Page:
Amherst Magazine

Our classmate, Richard H. Plock, Jr. died of a heart attack at his home on August 31, 1980. He was 44.

Dick graduated from the Burlington High School in Burlington, Iowa. At Amherst, he was a Psi Upsilon, of which he was elected vice president. He played football all four years and was active in WAMF.

After leaving Amherst Dick went on to law school and then into a career of law and politics. He made his home in Denver, Colo. and became famous and popular throughout the state. The following article, which appeared in the Denver Post shortly after his death, expresses it well:

"Dick Plock was one of those rare public figures whose political skill transcended party labels. He will be remembered, by Democrats and Republicans alike, as a fair and honest man.

"Dick died Sunday at the tragically young age of 44, his heart having stopped after a long battle against a debilitating lung ailment. He win be missed not only by his young family but also by the state of Colorado. Dick Plock was a voice of reason, civility, and moderation despite a political climate that seemed to favor stormy ideologue.

"Plock served two terms as a Republican senator from Denver. For the last four of those eight years, from the beginning of 1975 until the end of 1978, he was the majority floor leader in the Senate. He quit the Senate to seek the Republican nomination for governor in 1978, but lost to Senator Ted Strickland in the primary.

"An urbane and self-effacing wit, Plock never took his power too seriously. His deep voice rumbling, eyes glinting under his shaggy eyebrows, he persuaded rather than commanded. If Plock had a weakness which kept him from even greater political success, it was that he lacked the single-mindedness, the hardline conservative stance that the dedicated activists in his party seemed to demand.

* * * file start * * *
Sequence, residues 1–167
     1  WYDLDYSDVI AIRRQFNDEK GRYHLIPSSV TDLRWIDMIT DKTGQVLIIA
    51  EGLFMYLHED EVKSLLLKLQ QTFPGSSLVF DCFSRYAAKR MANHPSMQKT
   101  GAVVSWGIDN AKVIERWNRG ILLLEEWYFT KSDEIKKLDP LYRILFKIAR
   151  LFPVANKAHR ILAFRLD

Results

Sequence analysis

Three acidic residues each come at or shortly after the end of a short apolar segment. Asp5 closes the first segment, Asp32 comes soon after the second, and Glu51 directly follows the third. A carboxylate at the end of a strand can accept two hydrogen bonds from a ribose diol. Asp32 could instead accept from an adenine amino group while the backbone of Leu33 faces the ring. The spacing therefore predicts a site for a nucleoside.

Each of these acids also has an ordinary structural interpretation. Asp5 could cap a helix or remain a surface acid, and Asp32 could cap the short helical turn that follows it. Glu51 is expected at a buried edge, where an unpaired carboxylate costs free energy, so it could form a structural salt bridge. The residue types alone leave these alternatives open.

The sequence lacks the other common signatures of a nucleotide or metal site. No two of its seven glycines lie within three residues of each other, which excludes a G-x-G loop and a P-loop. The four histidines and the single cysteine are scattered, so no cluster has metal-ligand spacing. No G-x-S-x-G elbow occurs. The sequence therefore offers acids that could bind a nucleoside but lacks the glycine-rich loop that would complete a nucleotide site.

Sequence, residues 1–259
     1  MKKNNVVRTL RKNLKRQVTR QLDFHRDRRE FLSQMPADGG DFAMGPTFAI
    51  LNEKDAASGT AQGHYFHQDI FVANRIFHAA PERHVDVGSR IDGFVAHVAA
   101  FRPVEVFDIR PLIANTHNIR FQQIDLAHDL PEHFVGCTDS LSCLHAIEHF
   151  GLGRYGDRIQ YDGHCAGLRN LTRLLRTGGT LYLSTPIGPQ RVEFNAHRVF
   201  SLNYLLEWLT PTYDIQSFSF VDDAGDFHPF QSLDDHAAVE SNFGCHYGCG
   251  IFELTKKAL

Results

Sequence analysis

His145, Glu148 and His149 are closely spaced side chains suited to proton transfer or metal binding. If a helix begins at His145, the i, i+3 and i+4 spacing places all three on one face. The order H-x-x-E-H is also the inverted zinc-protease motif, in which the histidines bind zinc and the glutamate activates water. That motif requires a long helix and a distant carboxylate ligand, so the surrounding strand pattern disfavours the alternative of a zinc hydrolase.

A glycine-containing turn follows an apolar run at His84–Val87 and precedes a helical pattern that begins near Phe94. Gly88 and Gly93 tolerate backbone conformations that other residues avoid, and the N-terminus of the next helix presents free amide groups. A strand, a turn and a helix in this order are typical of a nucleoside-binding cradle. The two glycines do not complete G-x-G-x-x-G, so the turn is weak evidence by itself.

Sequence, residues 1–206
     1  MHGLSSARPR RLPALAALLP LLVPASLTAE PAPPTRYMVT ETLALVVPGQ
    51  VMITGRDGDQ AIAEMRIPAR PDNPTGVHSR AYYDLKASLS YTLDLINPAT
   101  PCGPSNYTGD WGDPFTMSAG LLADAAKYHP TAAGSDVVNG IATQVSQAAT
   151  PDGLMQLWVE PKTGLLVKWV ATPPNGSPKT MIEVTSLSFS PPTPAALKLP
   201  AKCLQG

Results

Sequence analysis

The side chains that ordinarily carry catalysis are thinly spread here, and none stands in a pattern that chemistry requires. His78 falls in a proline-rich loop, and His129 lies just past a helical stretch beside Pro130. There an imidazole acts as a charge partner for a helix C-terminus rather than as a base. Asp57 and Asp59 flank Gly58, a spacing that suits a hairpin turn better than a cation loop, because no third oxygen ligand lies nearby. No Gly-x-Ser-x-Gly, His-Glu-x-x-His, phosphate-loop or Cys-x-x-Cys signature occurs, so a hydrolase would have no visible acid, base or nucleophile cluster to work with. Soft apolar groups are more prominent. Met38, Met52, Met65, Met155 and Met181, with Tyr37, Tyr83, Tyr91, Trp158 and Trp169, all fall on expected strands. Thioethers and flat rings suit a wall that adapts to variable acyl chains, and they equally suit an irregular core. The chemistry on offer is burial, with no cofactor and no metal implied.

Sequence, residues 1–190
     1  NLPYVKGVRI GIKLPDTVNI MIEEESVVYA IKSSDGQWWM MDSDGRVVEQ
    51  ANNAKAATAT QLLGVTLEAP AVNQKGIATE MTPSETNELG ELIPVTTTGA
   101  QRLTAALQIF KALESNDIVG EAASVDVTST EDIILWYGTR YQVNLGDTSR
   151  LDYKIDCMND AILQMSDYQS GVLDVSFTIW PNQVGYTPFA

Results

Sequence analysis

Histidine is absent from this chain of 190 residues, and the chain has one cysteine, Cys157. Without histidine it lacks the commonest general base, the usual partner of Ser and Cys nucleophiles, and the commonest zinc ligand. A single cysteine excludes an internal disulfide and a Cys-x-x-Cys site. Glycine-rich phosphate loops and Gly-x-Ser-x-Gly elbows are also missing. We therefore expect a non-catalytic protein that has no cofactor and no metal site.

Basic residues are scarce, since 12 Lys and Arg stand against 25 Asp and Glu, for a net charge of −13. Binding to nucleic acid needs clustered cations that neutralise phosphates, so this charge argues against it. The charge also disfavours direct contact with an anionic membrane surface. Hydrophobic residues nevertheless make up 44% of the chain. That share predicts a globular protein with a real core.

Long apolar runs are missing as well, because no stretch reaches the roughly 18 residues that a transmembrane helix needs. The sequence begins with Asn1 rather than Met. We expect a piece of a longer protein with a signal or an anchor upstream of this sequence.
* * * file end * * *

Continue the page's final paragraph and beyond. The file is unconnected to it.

"But his sensible, tactful approach appealed to the moderates of both parties. Almost 10 years ago, Plock and then-Rep. Dick Lamm were leaders of a moderate bipartisan coalition which spearheaded novel and visionary legislation on land use and other issues vital to Colorado.

"Plock didn't lust after power. There were more important things In his life than raw ambition, including his family and his integrity.

"Dick Plock had much to give Colorado. It is a shame that he was not allowed the time to give even more than he did."

Surviving Dick are his wife Judy; two children, Bill (12) and Christine (10); his mother, Mrs. Richard Plock, of Burlington, Iowa; and two sisters, Susan Bromley of Denver and Carolyn Eherely, of Iowa City. The Class of 1957 hereby extends its deepest sympathy to Dick's family.

 

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